Larrabee delayed to 2011 ?

Discussion in 'Architecture and Products' started by rpg.314, Sep 22, 2009.

  1. MfA

    MfA
    Legend

    Joined:
    Feb 6, 2002
    Messages:
    7,139
    Likes Received:
    577
    They are not going to tell us ... some people who like the architecture will say it's because of the delays, some people who don't like it will say because it didn't perform up to snuff.

    As I said, I wonder if the developer kits will come with the rendering stack so we can judge the performance per mm2 proper ...
     
  2. Bouncing Zabaglione Bros.

    Legend

    Joined:
    Jun 24, 2003
    Messages:
    6,363
    Likes Received:
    82

    Because that's what's required if you really want to enter the graphics market, and Intel are one of the few companies that can afford it. They have to find something to do with all those cores they are churning out, and more cores are the only direction they can go in order to increase performance.
     
  3. ShaidarHaran

    ShaidarHaran hardware monkey
    Veteran

    Joined:
    Mar 31, 2007
    Messages:
    4,003
    Likes Received:
    51
    Other than the clockspeed/thermal wall consumer CPUs hit in 2003/2004, it seems like every other wall gets broken down before it becomes an issue. I guess time will tell but if history is our guide I think bandwidth will continue to scale as it always has. It may take some new development, but remember that DDR and GDDR were once new technologies as well.
     
  4. trinibwoy

    trinibwoy Meh
    Legend

    Joined:
    Mar 17, 2004
    Messages:
    10,582
    Likes Received:
    624
    Location:
    New York
    Having lots of money isn't a good enough reason. How can they work on the evolution of an architecture if the baseline is still half-baked? We don't even know how committed they were to it in the first place - sounds like there was a considerable difference of opinion about the whole thing internally. But it is refreshing to see such abundant optimism after the doom and gloom in every other post in the Fermi thread :)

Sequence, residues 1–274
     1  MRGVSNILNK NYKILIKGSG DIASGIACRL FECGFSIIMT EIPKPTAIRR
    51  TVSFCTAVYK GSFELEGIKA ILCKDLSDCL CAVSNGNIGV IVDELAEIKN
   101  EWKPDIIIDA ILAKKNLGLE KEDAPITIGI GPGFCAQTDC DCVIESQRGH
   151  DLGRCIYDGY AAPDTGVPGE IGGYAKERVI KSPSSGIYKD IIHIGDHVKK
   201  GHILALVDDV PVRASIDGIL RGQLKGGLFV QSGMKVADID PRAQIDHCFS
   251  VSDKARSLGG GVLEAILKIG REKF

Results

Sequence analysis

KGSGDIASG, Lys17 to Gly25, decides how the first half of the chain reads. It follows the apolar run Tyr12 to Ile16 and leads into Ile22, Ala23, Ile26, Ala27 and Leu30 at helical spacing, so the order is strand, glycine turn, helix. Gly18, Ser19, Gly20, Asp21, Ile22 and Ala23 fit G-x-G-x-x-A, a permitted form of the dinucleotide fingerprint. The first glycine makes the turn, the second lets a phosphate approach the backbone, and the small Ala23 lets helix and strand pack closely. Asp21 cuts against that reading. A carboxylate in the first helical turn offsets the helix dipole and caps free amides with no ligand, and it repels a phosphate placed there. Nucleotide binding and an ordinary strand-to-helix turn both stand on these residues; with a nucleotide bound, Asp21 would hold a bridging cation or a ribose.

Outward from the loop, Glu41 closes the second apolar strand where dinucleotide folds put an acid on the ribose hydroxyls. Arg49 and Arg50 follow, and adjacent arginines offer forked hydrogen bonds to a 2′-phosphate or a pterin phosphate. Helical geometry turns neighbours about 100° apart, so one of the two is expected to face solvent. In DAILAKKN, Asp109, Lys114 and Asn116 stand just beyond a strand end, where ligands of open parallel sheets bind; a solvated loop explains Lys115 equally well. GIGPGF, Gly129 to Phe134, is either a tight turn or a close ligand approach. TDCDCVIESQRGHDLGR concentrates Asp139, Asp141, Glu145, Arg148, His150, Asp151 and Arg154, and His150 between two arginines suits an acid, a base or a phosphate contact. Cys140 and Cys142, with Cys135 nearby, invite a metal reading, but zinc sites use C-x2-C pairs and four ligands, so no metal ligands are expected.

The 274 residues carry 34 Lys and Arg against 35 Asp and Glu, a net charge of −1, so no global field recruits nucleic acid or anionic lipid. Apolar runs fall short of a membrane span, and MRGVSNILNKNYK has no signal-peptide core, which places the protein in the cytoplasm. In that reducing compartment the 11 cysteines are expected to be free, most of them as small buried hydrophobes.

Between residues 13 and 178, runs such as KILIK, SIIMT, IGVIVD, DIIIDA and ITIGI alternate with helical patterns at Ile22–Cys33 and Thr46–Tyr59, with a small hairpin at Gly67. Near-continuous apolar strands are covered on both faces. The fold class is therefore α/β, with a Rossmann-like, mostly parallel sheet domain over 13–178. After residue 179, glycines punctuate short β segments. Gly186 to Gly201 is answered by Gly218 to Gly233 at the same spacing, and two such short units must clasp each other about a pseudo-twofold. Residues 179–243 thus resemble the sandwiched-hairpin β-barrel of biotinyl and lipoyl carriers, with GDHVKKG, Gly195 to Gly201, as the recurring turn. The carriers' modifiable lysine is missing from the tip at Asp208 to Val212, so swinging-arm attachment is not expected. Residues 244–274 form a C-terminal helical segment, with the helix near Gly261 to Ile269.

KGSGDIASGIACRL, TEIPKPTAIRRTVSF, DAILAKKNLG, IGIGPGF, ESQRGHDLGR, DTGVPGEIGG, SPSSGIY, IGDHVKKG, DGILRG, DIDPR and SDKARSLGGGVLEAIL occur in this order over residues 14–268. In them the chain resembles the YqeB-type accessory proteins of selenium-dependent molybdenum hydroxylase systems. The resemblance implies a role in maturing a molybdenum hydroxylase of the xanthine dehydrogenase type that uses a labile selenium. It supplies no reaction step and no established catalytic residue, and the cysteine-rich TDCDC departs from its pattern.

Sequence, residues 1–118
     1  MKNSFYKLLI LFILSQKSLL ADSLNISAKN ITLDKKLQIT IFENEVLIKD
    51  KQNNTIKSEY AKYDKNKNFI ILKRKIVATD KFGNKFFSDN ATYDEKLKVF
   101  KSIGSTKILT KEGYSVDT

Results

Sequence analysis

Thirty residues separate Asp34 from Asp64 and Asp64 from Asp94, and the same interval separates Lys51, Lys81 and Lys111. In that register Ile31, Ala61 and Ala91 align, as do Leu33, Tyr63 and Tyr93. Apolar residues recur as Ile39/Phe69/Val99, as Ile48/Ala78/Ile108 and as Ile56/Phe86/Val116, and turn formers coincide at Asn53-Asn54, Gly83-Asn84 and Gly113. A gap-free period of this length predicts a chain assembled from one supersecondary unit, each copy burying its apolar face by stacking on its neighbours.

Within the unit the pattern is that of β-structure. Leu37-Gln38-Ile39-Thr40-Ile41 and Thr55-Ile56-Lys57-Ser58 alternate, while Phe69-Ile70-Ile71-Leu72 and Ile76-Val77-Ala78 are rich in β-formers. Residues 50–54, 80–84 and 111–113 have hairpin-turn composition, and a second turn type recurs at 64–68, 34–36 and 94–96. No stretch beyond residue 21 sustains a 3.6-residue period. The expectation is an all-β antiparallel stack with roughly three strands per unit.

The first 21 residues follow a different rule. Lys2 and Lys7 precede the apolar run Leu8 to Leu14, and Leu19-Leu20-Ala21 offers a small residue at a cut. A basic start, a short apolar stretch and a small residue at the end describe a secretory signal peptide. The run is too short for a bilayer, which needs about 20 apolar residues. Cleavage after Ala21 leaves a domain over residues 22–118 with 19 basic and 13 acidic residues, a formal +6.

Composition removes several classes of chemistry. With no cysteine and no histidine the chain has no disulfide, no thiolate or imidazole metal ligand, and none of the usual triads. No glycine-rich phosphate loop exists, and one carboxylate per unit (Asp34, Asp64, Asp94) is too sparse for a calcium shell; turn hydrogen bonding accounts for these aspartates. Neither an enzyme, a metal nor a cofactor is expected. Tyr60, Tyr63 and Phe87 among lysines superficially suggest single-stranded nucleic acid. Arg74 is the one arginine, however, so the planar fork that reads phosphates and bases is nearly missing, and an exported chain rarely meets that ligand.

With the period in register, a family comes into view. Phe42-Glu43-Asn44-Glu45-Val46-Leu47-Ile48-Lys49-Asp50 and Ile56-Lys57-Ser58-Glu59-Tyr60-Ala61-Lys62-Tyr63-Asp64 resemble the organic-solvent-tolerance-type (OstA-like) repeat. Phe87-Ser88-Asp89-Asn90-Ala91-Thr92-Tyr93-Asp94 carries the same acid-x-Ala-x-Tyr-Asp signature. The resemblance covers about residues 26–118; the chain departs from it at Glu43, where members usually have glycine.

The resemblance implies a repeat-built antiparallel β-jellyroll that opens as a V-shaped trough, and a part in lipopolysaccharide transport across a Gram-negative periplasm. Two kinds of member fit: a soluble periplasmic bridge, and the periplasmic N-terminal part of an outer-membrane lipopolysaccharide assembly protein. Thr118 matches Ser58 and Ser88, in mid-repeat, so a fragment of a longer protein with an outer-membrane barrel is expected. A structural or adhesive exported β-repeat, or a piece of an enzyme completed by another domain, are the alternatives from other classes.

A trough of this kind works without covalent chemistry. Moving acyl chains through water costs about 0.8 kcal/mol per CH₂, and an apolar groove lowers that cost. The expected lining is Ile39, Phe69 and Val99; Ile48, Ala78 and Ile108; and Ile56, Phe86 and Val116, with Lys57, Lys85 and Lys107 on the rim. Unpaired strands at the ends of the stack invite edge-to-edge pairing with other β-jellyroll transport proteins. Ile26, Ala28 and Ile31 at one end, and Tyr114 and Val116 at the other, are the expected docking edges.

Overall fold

5. rpg.314

    Veteran

    Joined:
    Jul 21, 2008
    Messages:
    4,298
    Likes Received:
    0
    Location:
    /
    5Gbps is out on market, 7GBps/pin (afaik, the fastest part out yet) is already pushing the limits of copper, which are about 10GBps. Light peak with similar bandwidth is optical, and afaik, so is 10GbE.

    Only the walls that exist in our minds can be broken down/scaled. Rest have to be respected.
     
  6. darkblu

    Veteran

    Joined:
    Feb 7, 2002
    Messages:
    2,642
    Likes Received:
    22
    just like everything else, TBDR is a trade-off - you give up something somewhere to gain something else, elsewhere. but TBDR is not a more flexible scanconverter per se (not versus an IMR, that is).

    as re xenos (which, apropos, is not a TBDR, at least not in hw), the fact that its mountain-top-touted 'free fsaa' was designed for SD resolutions, while devs were expected to deliver at HD surely helped that gpu gain sympathy. /off-topic sarcasm

    does anybody else feel like there's a certain amount of fear among intel's high echelon from non-x86 tech? i mean, LRB fell (partially) victim to intel's stubbornness with x86 (yes, i do believe that), similarly with atom (relatively-poor vertical vocational mobility, but at least running windows is a valid goal). maybe because each time intel have tried to break away with something new, they have stumbled and eventually failed (the shot-by-friendly-fire 960 notwithstanding). i'm starting to wonder, could intel ever produce a viable (as in market-viable), non-x86-derived and/or x86-bolted isa?
     
  7. rpg.314

    Veteran

    Joined:
    Jul 21, 2008
    Messages:
    4,298
    Likes Received:
    0
    Location:
    /
    LRB is a matter of survival of Intel's monopoly in cpu space. As gpu's merge with cpu's, Intel needs to have a high throughput part. The only way to sell it in volume is make it rock at graphics.

    AMD with it's fusion and nv with it's gpgpu push will eat intel's high volumes and margins from both ends. Winning at 3D is going to be critical for any company that wishes to dominate in cpu's as well.
     
  8. rpg.314

    Veteran

    Joined:
    Jul 21, 2008
    Messages:
    4,298
    Likes Received:
    0
    Location:
    /
    How so? And if it is just as flexible a method as IMR, how is that a problem?

    Well, so far their record is spectacularly craptacular on this front.
     
  9. Bouncing Zabaglione Bros.

    Legend

    Joined:
    Jun 24, 2003
    Messages:
    6,363
    Likes Received:
    82

    Intel, like AMD are chasing the full platform. They want all that revenue. They are not going to let the graphics cash get away from them so easily.

    And who says v3 has to be an evolution of v2? There's been many instances where a new generation of CPU or GPU has come from a different internal team and been markedly different from it's predecessor. You don't need a baseline if by definition what you are doing is new.